Although neck pain is not associated with fatal outcomes, it is among the most burdensome health problems on a global scale. This has been established by Australian researchers through the analysis of relevant data from the 2010 Global Burden of Disease Study. Their findings have been published in the Annals of the Rheumatic Diseases journal.
The research team, led by Damian Hoy of the University of Queensland, used as their working definition any pain in the neck lasting a minimum of one day, with or without spreading to either or both arms. They reviewed the data to establish the prevalence, incidence, remission, duration and mortality risk, looking to determine the number of people suffering from neck pain and the effect of the condition on their quality of life.
The researchers estimated that 4.9% of the global population currently suffers from neck pain. Disability-adjusted life years in 2010 were calculated at 33.6 million. This term refers to years lost as a result of poor health, disability or premature death. Back in 1990, disability-adjusted life years numbered 23.9 million and the increase clearly shows that the problem has been spreading. Among the 291 conditions covered in the 2010 Global Burden of Disease Study, neck pain occupied fourth place for years lost due to disability and came 21st in the overall burden rankings.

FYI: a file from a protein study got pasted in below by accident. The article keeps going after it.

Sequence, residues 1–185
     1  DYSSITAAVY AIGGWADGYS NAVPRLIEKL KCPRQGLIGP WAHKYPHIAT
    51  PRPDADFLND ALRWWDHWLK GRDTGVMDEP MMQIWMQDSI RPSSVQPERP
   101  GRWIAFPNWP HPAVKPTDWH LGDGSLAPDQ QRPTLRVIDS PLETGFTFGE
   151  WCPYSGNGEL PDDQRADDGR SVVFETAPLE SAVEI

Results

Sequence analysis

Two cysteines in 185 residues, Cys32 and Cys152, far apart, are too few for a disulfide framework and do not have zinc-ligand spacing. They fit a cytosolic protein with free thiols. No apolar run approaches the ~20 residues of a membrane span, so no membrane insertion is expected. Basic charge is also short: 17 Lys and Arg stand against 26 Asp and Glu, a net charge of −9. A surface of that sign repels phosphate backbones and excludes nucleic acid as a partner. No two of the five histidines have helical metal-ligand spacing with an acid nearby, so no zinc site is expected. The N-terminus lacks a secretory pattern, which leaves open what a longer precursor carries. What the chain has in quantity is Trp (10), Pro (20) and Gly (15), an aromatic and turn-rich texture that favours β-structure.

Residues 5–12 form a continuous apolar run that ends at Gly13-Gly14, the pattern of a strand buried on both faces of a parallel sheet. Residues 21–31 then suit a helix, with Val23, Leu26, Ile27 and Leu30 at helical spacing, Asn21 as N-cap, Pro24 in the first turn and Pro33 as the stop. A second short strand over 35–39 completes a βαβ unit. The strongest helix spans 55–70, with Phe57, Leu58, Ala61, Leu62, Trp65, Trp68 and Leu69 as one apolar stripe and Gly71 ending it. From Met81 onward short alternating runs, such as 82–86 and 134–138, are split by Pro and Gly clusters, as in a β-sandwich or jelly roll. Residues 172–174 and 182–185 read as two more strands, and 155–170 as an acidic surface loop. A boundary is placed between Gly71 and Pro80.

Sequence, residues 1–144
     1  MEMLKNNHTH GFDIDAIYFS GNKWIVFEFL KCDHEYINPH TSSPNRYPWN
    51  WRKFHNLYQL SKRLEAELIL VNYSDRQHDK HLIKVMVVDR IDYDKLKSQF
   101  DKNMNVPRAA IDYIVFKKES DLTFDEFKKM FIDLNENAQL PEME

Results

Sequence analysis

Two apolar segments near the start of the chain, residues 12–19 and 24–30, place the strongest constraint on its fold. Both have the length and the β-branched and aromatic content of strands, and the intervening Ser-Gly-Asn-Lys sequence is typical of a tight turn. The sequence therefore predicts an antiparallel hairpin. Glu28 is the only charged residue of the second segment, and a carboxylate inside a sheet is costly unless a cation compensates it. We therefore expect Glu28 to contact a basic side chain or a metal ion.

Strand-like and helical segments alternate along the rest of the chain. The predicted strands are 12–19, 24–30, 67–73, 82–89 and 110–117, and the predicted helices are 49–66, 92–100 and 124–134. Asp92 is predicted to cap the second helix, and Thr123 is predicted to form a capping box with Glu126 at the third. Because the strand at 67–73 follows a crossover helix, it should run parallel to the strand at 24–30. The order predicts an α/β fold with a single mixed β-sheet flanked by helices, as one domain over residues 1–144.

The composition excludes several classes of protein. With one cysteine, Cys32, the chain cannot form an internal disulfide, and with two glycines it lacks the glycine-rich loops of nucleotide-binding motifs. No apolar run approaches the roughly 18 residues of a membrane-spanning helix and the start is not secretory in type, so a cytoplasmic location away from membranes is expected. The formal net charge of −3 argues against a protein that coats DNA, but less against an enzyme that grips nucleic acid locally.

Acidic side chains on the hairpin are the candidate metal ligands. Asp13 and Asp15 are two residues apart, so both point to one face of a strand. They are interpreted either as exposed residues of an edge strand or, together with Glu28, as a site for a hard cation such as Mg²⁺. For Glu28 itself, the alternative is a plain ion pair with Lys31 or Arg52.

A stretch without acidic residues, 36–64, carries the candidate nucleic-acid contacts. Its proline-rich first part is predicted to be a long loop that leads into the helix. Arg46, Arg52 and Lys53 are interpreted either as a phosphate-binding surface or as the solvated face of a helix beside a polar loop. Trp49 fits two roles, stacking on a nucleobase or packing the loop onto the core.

In the concluding comments of their report, the researchers said that neck pain had become a common problem and was associated with significant disability. As the global population ages, the scientific community has to respond without delay through further studies focused on improving understanding, prevention and management of the condition.